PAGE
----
His agreement entitled him to total compensation of $700,000 for the year ending in April 2014 and $750,000 for the final 12 months of the five-year deal.
Pernetti suspended Rice after Eric Murdock, a nine-year National Basketball Association player and former director of player development at Rutgers, made him aware of the coach’s behavior.
Murdock told ESPN that he approached Pernetti last summer. Murdock was fired by Pernetti in July, according to ESPN. Pernetti denied in an ESPN interview yesterday that Murdock was dismissed, saying his contract wasn’t renewed because of “insubordination” after he went to a camp that Rice didn’t want him to attend.
Rice’s contract states that he could be terminated without compensation for, among other things, willful misconduct, acts of moral turpitude and conduct tending to bring shame or disgrace to the university.
For being fired without cause, Rice is entitled to receive 75 percent of his salary for the remaining term of the contract. If he finds a position as a head coach or assistant in the NBA or Division I-A in college basketball, Rutgers can offset what it owes him by the amount of his new salary.
Rutgers hasn’t decided whether Rice will be fired with or without cause, spokesman Jason Baum said.
“That is still being discussed -- no word yet,” Baum said in an e-mail.
Rutgers had a 15-16 record in the 2012-13 season, including 5-13 in the Big East Conference, and Rice leaves with a 44-51 mark. Before joining Rutgers, he spent three seasons at Robert Morris, where he had 73-31 record in his first head coaching role. Between 1991 and 2007 Rice was an assistant coach at Pittsburgh, St. Joseph’s, Chicago State, Niagara, Marquette and Fordham.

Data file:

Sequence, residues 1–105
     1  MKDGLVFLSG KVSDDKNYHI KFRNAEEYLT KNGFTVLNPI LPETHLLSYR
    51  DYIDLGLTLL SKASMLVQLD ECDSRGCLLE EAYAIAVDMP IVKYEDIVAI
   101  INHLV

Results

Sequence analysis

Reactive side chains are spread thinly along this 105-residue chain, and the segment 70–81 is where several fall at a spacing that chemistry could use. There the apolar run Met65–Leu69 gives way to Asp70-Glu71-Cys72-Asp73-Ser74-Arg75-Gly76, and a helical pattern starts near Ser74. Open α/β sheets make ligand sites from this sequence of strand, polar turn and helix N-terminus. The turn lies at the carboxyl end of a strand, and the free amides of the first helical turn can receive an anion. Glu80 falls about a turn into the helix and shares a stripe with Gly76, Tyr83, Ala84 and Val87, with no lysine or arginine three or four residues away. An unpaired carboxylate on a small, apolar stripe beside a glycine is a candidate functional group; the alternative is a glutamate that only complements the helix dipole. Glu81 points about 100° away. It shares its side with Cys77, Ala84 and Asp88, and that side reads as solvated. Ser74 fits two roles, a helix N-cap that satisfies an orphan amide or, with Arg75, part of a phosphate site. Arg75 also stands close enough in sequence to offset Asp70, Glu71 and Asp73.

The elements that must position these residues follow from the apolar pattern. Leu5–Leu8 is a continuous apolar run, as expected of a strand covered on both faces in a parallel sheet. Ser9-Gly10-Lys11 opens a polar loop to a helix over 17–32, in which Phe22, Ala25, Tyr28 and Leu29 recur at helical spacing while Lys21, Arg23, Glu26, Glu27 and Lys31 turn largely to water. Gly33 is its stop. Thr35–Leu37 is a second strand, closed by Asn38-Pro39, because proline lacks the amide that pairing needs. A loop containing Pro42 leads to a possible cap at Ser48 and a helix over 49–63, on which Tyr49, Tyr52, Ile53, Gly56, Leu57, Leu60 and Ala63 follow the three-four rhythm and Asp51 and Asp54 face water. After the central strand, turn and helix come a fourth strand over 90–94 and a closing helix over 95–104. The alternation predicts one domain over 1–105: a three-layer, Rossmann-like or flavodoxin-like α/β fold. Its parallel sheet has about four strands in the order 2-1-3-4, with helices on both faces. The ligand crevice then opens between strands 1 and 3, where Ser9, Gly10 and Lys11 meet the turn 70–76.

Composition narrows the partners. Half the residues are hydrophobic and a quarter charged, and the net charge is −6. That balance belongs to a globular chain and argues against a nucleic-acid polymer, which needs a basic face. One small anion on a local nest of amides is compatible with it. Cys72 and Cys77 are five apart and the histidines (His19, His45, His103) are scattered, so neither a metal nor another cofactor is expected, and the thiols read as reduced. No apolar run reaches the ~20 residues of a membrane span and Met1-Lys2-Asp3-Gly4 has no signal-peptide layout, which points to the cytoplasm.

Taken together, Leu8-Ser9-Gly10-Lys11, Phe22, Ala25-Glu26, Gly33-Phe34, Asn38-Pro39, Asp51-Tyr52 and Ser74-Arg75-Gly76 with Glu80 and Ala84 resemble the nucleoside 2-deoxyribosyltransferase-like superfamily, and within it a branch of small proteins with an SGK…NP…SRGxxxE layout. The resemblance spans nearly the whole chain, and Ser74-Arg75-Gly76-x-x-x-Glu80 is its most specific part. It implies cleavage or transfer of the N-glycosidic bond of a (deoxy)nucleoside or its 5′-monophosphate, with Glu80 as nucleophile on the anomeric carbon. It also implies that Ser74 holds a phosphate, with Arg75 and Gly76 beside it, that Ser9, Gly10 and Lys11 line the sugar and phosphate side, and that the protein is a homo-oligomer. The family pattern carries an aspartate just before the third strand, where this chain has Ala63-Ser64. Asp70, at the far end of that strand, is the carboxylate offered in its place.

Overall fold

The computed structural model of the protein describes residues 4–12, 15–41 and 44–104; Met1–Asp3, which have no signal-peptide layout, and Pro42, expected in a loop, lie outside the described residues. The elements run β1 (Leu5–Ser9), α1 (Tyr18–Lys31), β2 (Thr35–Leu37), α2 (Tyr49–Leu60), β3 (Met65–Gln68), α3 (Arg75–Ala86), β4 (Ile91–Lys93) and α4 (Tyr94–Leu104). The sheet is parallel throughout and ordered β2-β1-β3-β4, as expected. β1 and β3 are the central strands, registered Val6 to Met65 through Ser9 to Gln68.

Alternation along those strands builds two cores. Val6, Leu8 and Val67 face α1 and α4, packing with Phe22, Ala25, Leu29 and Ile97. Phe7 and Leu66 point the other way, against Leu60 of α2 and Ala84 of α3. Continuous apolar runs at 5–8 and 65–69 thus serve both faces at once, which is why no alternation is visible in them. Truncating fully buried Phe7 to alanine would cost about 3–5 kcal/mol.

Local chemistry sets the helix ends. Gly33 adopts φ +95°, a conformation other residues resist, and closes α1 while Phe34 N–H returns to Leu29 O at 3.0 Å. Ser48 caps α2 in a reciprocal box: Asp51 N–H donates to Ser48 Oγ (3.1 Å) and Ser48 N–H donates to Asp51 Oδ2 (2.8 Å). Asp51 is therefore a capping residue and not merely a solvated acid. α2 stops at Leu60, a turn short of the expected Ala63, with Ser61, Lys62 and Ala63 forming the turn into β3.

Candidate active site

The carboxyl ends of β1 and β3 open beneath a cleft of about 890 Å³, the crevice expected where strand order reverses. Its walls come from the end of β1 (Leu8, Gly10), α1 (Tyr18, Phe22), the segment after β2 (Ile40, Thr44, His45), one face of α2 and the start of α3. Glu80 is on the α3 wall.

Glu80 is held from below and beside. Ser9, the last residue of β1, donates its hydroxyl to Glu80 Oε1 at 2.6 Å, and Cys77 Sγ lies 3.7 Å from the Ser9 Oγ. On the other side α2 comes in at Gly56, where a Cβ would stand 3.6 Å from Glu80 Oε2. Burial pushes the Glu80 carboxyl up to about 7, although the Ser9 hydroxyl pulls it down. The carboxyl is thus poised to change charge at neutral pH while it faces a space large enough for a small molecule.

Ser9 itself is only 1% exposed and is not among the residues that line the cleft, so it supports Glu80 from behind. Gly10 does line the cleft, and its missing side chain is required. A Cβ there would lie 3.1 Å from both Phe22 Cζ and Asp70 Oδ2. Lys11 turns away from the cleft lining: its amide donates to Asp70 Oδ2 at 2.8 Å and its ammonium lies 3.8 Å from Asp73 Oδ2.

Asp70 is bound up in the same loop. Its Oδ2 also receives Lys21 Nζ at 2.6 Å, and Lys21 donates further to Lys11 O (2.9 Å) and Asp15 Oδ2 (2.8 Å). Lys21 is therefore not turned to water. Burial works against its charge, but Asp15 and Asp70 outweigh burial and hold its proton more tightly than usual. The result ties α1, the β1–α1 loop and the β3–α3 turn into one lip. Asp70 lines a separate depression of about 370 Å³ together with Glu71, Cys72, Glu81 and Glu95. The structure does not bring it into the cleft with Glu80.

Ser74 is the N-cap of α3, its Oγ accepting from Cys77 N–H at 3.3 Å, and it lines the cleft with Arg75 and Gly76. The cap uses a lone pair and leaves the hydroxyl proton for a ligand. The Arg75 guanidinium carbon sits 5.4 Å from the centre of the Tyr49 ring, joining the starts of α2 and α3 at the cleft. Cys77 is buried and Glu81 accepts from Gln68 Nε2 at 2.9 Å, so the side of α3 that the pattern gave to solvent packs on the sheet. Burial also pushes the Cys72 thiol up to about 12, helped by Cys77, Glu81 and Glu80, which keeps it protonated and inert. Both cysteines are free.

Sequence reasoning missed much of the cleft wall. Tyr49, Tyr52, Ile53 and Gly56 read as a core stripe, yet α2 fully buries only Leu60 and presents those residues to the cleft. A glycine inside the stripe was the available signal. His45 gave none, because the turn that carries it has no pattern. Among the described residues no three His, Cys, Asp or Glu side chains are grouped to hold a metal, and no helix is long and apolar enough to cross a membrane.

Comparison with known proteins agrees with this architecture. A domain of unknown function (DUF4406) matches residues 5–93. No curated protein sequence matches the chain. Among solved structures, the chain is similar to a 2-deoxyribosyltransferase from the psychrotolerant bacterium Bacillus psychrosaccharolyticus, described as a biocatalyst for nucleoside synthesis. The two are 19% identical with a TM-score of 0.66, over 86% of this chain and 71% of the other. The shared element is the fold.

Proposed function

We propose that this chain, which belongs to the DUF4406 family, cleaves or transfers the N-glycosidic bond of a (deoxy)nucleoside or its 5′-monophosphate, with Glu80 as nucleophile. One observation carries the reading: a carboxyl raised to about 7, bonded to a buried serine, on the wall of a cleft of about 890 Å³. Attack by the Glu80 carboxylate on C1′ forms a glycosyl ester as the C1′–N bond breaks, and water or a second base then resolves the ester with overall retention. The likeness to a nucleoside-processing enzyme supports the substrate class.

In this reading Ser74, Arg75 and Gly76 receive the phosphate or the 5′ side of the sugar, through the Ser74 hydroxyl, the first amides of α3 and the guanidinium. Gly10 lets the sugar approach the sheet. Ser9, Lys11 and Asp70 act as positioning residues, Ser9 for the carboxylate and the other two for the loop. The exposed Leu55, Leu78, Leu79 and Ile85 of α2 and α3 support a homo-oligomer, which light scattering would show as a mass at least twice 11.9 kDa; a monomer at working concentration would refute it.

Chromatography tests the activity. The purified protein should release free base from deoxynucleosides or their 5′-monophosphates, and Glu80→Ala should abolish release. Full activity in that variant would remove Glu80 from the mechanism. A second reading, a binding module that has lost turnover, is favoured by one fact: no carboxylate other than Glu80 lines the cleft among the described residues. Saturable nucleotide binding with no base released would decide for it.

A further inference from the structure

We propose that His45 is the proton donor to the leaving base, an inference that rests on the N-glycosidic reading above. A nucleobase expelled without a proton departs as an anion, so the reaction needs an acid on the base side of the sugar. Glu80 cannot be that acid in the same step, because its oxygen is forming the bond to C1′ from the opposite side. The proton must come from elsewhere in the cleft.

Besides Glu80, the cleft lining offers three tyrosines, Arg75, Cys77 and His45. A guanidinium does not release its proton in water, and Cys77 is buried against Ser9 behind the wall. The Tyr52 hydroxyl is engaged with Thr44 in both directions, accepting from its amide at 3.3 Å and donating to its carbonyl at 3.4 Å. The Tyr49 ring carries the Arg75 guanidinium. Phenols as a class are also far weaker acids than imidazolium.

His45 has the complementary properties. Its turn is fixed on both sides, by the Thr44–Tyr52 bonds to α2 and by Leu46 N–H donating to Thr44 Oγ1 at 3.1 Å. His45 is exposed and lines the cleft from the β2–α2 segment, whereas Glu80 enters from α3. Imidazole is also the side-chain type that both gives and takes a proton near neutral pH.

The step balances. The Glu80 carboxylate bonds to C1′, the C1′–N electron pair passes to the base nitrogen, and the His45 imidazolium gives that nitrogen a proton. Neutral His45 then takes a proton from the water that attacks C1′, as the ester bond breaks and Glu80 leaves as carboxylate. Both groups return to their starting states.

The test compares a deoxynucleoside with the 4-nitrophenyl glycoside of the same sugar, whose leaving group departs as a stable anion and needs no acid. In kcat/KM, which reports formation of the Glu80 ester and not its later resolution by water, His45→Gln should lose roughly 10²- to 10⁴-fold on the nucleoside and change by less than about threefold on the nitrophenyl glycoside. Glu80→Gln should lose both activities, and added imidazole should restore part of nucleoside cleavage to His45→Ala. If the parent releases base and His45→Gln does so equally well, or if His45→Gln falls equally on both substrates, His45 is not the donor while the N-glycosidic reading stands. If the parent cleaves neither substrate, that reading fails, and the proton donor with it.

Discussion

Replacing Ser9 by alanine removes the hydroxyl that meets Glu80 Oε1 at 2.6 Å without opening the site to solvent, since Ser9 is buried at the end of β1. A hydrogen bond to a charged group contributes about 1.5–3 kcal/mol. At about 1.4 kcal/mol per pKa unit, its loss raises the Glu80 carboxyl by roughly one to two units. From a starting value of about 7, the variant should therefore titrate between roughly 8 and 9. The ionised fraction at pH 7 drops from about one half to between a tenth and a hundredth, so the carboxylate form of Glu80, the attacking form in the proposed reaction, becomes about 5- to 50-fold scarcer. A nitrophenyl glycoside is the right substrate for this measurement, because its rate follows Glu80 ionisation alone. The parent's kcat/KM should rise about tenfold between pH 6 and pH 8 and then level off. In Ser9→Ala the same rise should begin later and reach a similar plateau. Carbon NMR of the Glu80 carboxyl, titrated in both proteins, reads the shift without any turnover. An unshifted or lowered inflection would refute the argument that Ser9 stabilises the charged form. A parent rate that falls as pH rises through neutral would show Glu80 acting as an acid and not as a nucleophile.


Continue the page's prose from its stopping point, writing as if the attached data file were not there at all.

Other college coaches have been fired for similar outbursts. The late Woody Hayes was dismissed after 27 years as Ohio State football coach for punching an opposing player in the throat during the 1978 Gator Bowl and never coached again.
Bob Knight, whose 29-year career at Indiana ended in dismissal in 2000 after a video came to light showing him grabbing a player by the neck in 1997, went on to lead Texas Tech to four National Collegiate Athletic Association tournament berths in six seasons. Knight retired in 2008 with 902 wins, the third-most in college basketball history behind Mike Krzyzewski (957) and Jim Boeheim (920).
Larry Eustachy, who resigned as Iowa State’s basketball coach in 2003 after a newspaper published photos of him at a college party drinking and kissing young women, got a second chance with Southern Mississippi, where he spent eight seasons before joining Colorado State in 2012.
Rutgers was at the center of a national discussion about bullying and the treatment of young gays in 2010 after freshman Tyler Clementi killed himself when his roommate used a webcam to view Clementi kissing a man, according to the Associated Press.
The roommate, Dharun Ravi, was convicted last year of invasion of privacy, bias intimidation and other counts, served less than a month in jail and is now appealing his conviction, AP said.
The school in February named a center to honor Clementi, which will be used for anti-bullying programs and to help people adjust to college life.
To contact the editor responsible for this story: Michael Sillup at firstname.lastname@example.org.